This book is the first national study of Canadian educators' perspectives and practices of multicultural and anti-racism education. It explores teachers' perspectives on race and ethno-cultural equity, and offers solutions for some of the most pressing social justice and diversity issues facing educators in contemporary Canadian schools and society. Solomon and Levine-Rasky suggest that the ineffectiveness of professional development initiatives to move educators from a posture of resistance to one of transformation points to the need for a more progressive antiracism teacher education pedagogy. Based on a proven Urban Diversity Teacher Education model, this book provides theoretically driven practices for simultaneous renewal of teacher education in the university, partnership schools and the communities they serve. It links the sensitive issues of race, ethnicity and culture to broader equity, social justice and diversity themes in Canadian society and institutions. Teaching for Equity and Diversity will be useful to teachers, graduate students in education, teacher educators and cultural workers who are committed to inclusive and democratic schooling.
Author: Rovell Patrick Solomon,Singer, Jordan
Publisher: Canadian Scholars' Press
This book documents how preservice and inservice English teachers negotiate the transfer of the social justice pedagogies they learn in university methods classes to their own work as beginning full-time teachers. Based on a set of teacher narratives, this critical and evidence-based view of English teachers’ interpretations of, responses to, and embodiments of social justice explores the complex shifts and concessions that English teachers often make when transitioning between preservice and inservice spaces - shifts which cause teachers to embrace and negotiate a social justice agenda in their classrooms, or for some, to modify, or even abandon it altogether. This work also offers a fresh perspective on the specific, context-dependent pathways and mechanisms through which English teachers enter school culture and respond to their own racial, sexual, and financial positions in relation to the gendered, raced, and classed positions of their schools, students, and classrooms. The book will be useful to social justice researchers, English teacher educators, inservice and preservice teachers, policymakers, cross-disciplinary teacher education fields, and interdisciplinary audiences, particularly in the fields of anthropology, sociology of education, philosophy, and cultural studies.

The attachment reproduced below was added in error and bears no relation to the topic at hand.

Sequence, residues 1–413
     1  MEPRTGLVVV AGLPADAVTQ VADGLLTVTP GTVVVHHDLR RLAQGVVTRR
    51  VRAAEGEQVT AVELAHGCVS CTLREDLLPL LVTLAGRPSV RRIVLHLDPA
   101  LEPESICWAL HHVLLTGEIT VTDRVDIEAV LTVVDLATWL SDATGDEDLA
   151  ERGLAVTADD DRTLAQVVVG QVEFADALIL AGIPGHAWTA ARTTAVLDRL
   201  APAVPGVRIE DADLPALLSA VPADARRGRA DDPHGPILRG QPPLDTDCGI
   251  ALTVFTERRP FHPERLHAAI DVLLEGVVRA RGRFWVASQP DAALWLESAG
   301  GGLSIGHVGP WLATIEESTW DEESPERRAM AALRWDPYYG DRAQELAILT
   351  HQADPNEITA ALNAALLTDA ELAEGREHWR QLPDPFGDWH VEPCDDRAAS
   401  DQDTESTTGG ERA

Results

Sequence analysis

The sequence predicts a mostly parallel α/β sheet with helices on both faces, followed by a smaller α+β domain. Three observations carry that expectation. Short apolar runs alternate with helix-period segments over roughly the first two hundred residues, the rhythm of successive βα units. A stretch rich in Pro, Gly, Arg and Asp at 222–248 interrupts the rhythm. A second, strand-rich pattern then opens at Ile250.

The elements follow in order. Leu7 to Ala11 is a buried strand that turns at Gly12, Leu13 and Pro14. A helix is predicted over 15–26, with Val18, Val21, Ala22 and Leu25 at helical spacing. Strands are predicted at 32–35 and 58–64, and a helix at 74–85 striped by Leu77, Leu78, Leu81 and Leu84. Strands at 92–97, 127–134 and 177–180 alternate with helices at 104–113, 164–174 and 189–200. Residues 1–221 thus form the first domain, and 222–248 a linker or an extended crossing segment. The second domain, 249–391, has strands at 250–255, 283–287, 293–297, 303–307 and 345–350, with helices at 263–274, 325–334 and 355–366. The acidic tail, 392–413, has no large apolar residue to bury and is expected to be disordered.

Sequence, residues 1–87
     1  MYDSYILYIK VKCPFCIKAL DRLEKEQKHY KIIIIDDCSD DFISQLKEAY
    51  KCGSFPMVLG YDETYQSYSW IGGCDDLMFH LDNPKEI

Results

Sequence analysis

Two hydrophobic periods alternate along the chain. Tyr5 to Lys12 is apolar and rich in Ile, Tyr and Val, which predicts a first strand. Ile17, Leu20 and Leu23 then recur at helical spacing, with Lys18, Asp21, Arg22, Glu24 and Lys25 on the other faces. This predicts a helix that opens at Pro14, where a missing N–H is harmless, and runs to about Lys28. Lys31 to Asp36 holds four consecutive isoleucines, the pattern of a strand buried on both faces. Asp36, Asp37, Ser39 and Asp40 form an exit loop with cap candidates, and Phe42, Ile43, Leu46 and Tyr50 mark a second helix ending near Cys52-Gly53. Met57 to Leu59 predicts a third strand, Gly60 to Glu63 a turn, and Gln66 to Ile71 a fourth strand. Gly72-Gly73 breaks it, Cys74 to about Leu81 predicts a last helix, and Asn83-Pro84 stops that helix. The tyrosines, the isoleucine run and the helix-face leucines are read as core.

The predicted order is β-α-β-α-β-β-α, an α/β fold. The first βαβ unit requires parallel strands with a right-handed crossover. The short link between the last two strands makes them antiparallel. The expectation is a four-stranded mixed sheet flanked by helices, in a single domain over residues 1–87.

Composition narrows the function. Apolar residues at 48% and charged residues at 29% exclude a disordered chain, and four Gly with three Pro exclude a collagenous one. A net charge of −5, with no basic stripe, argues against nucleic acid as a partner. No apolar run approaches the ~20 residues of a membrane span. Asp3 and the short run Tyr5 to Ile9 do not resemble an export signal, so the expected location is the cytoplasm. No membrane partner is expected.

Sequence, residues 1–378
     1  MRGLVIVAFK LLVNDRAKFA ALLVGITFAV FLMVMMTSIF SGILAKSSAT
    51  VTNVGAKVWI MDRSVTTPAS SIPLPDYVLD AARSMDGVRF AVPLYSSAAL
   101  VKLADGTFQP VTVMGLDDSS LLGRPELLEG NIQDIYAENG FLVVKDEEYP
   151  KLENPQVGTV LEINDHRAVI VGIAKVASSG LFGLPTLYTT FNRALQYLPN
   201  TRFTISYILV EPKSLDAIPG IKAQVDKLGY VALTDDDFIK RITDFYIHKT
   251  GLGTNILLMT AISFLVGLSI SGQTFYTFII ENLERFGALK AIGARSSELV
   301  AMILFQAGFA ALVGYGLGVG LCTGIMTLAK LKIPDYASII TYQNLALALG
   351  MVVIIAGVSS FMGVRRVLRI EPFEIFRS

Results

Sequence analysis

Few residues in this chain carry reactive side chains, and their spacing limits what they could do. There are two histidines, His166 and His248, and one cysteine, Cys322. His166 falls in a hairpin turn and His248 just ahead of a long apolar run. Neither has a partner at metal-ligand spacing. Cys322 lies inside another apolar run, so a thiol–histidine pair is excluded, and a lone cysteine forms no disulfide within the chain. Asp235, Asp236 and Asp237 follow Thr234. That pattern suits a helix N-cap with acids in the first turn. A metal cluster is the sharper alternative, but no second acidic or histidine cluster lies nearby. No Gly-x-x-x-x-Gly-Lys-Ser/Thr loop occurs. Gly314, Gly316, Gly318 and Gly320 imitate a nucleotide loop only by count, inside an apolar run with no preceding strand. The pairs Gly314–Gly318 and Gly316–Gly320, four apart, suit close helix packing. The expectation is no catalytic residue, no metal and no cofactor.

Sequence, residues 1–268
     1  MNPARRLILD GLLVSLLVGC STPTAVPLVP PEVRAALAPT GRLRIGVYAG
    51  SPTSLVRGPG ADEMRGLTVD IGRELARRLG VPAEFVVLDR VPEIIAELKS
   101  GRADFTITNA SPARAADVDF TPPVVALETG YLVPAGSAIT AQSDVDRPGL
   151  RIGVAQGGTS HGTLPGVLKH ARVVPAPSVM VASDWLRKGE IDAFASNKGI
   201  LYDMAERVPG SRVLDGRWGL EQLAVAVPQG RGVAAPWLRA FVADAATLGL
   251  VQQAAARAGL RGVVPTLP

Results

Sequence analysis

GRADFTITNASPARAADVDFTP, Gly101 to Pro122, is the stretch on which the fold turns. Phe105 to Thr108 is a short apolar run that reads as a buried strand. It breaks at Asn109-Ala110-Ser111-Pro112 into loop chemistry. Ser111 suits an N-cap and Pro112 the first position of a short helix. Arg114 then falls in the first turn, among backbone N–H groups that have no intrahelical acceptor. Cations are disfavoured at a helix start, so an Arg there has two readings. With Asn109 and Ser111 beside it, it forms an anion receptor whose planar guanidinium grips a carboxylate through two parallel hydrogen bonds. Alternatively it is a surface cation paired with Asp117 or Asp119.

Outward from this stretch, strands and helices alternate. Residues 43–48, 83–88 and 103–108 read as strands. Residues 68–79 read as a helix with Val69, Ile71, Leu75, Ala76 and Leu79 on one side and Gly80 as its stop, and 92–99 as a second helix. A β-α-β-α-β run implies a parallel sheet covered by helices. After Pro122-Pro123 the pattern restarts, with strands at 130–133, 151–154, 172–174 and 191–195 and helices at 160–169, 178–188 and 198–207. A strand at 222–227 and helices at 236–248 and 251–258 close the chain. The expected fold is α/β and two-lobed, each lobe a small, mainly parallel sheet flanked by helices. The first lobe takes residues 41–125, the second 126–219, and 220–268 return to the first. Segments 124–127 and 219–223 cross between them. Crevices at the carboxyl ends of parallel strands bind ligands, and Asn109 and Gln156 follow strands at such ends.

How English Teachers Negotiate Theory and Practice Between Preservice and Inservice Spaces
Author: sj Miller
Publisher: Peter Lang